AFL PLAYERS are on the field for longer, and run further, than any other mainstream professional sport in the world.

GPS data reveals AFL players,  on average, run 14km a match on the League's biggest ground, Patersons Stadium.

In English soccer's premier league, players run around 11.7km per match, while in Australia's elite rugby league matches, players will normally run between 8-10km per game depending on their position.

Adding to the physical demands on Australian football players, unlike other sports, the dimensions of AFL arenas are variable

In an match, players run on average 13km at the MCG, one kilometre less than at Patersons Stadium.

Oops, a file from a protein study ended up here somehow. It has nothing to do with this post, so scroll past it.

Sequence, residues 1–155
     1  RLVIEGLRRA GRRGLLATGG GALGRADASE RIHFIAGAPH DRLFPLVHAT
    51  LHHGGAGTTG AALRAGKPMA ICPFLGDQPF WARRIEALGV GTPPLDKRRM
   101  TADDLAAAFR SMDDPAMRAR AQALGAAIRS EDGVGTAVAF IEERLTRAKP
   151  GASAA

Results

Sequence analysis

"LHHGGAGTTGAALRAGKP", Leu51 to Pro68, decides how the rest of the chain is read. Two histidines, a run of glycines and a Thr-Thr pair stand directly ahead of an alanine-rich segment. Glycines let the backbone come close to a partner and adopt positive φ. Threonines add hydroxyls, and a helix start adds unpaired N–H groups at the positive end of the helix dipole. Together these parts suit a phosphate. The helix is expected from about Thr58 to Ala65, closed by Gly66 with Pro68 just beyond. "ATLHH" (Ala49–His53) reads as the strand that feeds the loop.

The intensity is also 12 points higher on the exertion index in Perth at 145 compared to 133 at the MCG.

Over the years individual AFL stars have been tracked covering even more ground.
St Kilda legend Robert Harvey - considered a running machine when he played through the 1990s and 2000s - reportedly covered 19.6 km in 2000.

Hawthorn Brownlow medallist Shane Crawford was also a marathon man on the field, once tracked running 17 km in 2005.

Interestingly, new studies have revealed that defenders run the most, travelling an average distance of 13.5km per match.

Forwards run 12.89km a match and nomadic players (midfielders, utilities, and ruckmen) run 13.46km a match.

However, midfielders now spend significantly less time on the ground (109 minutes), compared to almost 117 minutes for defenders.

All 17 clubs participated in last season's GPS tracking, with 1653 individual data files collected.

Players spend on average 5mins 25 secs per match running at above 18km/h.